From: Timothy Kirkhope, MEP for Yorkshire and the Humber, Beechwood Farm, Main Street, Scotton, Knaresborough.
I AM acutely aware that fast broadband is absolutely vital to the UK and our regional economic growth, in delivering public services effectively, and conducting our everyday lives.
While the roll out of the new superfast 4G services in Leeds and Sheffield (Yorkshire Post, October 30) is undoubtedly a positive move, people living in rural areas of Yorkshire and the Humber are asking whether and when the good news will filter through to them.
While I welcome 4G, which will undoubtedly provide an economic boost to the areas that get it, it’s inevitable that initial coverage will be patchy and uncompetitive until a larger number of companies have licences, which might not be for another year or two.
While mobile internet access is important for rural areas, I nevertheless believe the main task we have is to get high speed broadband into as many rural homes and businesses as possible.
UK and EU funding is there, and so are the willing partners. The Government has allocated £363m to local councils and private enterprise partnerships to bring fast broadband to rural Britain, and this is very important.
We’re also looking at alternatives to ground cable infrastructure. I am personally exploring affordable options, including satellite broadband services, to ensure constituents in more remote communities do not get left behind.
All of this is encouraging but we really have to abandon the normal timescales that apply to such matters.
Time is not always on the side of our enterprises and rural communities so we need to take action fast.
Heseltine plan must be for all
From: Judy Robinson, chief executive, Involve Yorkshire & Humber, Hanover Walk, Leeds.
I AM writing on behalf of Involve Yorkshire & Humber – the charity support organisation – about Lord Heseltine’s call for a re-balancing of central and local powers to kick start growth (Yorkshire Post, October 31).
There are some good proposals here and we particularly like the emphasis on devolved powers.
But any growth strategy needs to include all the economic players and deliberate strategies to tackle the region’s poverty and disadvantage which holds back the economy. We are concerned that the potential of the social business sector is being missed. And this is an incomplete understanding of how the economy works.
Charities in the region employ 48,000 staff and have an annual income of £3.5m in areas that are critical to the economy like care services, housing and skills. Not only are they economic players but they tackle the things that healthy economies need like skills gaps, poor mental health and family breakdown.
They also work to prevent problems such as admissions to hospital or community breakdown so they help to save money as well.
We are disappointed then that the Heseltine report recommends the Local Enterprise Partnerships as the engine for change. We fear that the remit of LEPs is drawn too narrowly; the definition of business excludes many of our members which are charities and also businesses and have real contributions to make.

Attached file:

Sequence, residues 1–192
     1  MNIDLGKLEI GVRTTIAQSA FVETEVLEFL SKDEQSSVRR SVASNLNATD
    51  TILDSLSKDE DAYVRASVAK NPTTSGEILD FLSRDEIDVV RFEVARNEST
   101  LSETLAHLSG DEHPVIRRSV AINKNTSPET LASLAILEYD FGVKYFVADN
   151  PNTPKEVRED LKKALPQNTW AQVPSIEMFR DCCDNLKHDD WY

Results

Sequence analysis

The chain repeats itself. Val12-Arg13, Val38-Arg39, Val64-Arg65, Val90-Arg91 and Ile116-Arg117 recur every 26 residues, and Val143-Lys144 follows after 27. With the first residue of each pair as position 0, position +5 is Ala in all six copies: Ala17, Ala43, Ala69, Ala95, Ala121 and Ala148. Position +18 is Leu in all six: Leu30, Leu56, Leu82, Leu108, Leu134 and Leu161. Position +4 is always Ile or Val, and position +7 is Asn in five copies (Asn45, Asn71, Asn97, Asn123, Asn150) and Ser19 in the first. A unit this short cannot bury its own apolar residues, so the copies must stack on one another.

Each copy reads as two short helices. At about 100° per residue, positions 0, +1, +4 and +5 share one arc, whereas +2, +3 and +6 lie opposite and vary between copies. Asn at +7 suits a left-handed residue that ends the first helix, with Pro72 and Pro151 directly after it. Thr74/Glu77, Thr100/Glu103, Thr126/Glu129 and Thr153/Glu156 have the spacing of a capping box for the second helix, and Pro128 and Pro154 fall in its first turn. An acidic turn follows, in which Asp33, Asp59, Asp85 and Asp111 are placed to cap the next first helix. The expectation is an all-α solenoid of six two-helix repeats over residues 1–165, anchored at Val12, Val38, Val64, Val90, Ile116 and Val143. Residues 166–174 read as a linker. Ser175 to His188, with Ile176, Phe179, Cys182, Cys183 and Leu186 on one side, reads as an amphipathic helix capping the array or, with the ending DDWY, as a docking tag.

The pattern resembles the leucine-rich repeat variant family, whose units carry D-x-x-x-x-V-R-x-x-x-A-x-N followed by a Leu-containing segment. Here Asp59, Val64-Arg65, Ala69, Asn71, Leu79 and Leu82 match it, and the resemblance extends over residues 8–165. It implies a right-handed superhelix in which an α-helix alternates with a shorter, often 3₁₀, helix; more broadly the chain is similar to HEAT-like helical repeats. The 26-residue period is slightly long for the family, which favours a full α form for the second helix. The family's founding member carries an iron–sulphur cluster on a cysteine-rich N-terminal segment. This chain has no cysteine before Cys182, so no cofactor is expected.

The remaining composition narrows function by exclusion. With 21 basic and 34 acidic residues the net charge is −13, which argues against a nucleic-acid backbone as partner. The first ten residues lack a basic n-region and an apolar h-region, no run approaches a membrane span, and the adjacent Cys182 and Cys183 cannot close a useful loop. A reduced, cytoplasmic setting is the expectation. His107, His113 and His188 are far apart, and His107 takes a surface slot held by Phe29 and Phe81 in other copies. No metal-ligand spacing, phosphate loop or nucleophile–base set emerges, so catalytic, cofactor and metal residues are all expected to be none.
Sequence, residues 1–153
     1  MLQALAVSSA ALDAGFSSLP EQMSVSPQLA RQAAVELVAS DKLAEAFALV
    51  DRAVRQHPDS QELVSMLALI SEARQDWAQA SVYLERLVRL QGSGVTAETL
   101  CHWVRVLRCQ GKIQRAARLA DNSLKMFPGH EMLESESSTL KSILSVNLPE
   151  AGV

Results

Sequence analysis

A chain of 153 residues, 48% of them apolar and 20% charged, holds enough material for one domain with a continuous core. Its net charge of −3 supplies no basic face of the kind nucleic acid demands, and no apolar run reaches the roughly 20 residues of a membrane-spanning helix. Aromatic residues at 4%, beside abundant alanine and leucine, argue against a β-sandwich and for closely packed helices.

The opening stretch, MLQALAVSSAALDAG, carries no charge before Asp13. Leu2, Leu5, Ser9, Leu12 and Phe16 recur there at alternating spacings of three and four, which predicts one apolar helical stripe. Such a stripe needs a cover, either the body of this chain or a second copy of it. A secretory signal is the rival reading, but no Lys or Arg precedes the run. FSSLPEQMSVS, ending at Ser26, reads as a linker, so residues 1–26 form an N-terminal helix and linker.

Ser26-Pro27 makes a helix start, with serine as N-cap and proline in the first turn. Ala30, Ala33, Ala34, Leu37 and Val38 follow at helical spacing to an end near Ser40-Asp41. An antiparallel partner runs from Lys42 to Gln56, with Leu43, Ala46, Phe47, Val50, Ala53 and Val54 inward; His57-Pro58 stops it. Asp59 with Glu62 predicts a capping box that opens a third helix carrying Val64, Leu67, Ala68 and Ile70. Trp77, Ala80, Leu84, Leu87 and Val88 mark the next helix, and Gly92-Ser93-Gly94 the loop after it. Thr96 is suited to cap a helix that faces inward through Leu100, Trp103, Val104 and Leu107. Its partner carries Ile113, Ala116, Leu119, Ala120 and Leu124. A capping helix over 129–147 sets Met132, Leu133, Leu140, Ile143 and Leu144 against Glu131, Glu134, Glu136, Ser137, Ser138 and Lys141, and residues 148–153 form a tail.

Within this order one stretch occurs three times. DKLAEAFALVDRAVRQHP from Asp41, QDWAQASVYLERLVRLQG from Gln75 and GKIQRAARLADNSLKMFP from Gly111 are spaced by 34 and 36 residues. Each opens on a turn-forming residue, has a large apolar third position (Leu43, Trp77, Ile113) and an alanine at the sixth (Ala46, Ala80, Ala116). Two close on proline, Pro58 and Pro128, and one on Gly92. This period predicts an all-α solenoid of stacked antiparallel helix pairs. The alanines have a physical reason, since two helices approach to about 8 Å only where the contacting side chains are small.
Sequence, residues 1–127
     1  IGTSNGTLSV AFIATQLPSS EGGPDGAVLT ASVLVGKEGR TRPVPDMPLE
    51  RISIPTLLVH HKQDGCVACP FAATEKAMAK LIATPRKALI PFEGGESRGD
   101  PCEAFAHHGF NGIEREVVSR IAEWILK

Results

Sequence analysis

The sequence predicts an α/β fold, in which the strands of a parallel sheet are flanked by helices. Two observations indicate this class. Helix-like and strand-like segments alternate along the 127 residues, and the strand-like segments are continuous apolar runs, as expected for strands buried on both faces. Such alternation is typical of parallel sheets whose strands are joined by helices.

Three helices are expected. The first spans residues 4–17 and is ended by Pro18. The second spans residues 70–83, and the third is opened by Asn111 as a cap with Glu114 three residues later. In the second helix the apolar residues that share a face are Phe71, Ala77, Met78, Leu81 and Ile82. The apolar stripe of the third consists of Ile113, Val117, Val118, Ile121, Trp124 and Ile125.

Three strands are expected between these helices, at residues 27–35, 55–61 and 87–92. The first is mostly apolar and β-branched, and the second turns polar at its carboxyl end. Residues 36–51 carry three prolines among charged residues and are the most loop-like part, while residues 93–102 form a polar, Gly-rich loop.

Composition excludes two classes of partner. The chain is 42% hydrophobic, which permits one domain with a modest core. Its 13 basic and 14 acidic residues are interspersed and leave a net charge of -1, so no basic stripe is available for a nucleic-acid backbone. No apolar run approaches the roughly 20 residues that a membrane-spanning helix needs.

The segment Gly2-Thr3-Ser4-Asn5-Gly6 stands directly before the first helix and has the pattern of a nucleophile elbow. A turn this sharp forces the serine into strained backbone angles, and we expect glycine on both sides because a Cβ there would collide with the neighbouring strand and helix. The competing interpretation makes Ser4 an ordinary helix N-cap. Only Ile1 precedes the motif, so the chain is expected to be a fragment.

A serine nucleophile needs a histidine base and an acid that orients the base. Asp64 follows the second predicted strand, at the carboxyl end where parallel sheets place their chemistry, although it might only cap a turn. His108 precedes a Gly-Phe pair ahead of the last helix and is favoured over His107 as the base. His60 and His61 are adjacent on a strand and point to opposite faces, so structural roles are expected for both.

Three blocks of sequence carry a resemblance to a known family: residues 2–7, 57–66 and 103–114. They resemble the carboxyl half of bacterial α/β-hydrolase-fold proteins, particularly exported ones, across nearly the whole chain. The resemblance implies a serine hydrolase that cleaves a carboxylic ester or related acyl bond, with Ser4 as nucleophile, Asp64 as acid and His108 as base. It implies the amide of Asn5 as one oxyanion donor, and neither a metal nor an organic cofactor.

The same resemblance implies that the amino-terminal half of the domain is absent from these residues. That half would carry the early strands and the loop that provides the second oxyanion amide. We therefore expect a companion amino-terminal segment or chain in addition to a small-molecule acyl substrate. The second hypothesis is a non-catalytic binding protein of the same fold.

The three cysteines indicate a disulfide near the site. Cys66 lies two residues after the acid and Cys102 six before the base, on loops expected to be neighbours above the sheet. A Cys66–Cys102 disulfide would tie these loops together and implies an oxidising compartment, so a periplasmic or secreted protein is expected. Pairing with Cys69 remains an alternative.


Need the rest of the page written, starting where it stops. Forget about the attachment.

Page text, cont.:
In addition, we think that the development of social capital is being neglected in this sort of economic development to the detriment of positive and long-lasting outcomes.
We would like to see the experience, expertise and contribution of all stakeholders in different sectors being drawn into the LEPs so there is a collaborative approach to developing the economy of Yorkshire.
From: David Quarrie, Lynden Way, Holgate, York.
THE advice that Lord Heseltine is giving to the coalition Government is the correct way to proceed. He is telling them what I have been saying since the early 1960s – follow the successful leader: Germany.
The Chancellor of Germany is virtually the “chairman” of German businesses, and Berlin devolves real power to the various regions of Germany and the major German cities are allowed to spend the funds their way, using local knowledge.
We could and should be as capable and successful as Germany, but our leaders must help and support and incentivise our industries.
Do not forget bank bailouts
From: Lewis Proll, Vesper Gate Mount, Leeds.
MATTHEW Sinclair of the TaxPayers’ Alliance is clearly a moral man and it is heartening to see his genuine concern about the (economic) welfare of ordinary taxpayers when he rails against union representatives having paid time off work for union-related duties.
I am, therefore, surprised that his concern doesn’t extend to the welfare of millions of ordinary workers who can face exploitation, discrimination, bullying and redundancy and who depend on unions to represent their interests.
Strikes are very rare these days, Mr Sinclair. Did your organisation show a proportionate level of concern for the taxpayer-funded bank bailouts?
The sums involved were orders of magnitude greater and went to organisations representing only themselves. It almost goes without saying that their ranks couldn’t possibly have included a few “bad apple” individuals who were members of the unofficial “tax avoiders alliance”.
From: P Dransfield, Main Street, Great Heck, near Goole.
WHY do politicians and civil servants talk about child benefit claimants when in fact since about 1978 Barbara Castle or Shirley Williams made it compulsory to get the money and get taxed on it?
Before then it was claimants because if you did not claim you did not get it.
On the farce of domestic electricity prices, there is a simple answer. Either let the YEB collect the money for the electricity we use, probably at 8p per unit as they now get from the meter reading companies, or let David Cameron put a cap on the prices we are being charged. EON pays less than 9p a unit and charges up to 19p or more for the same electricity. Roll on the election and some more Ukip MPs.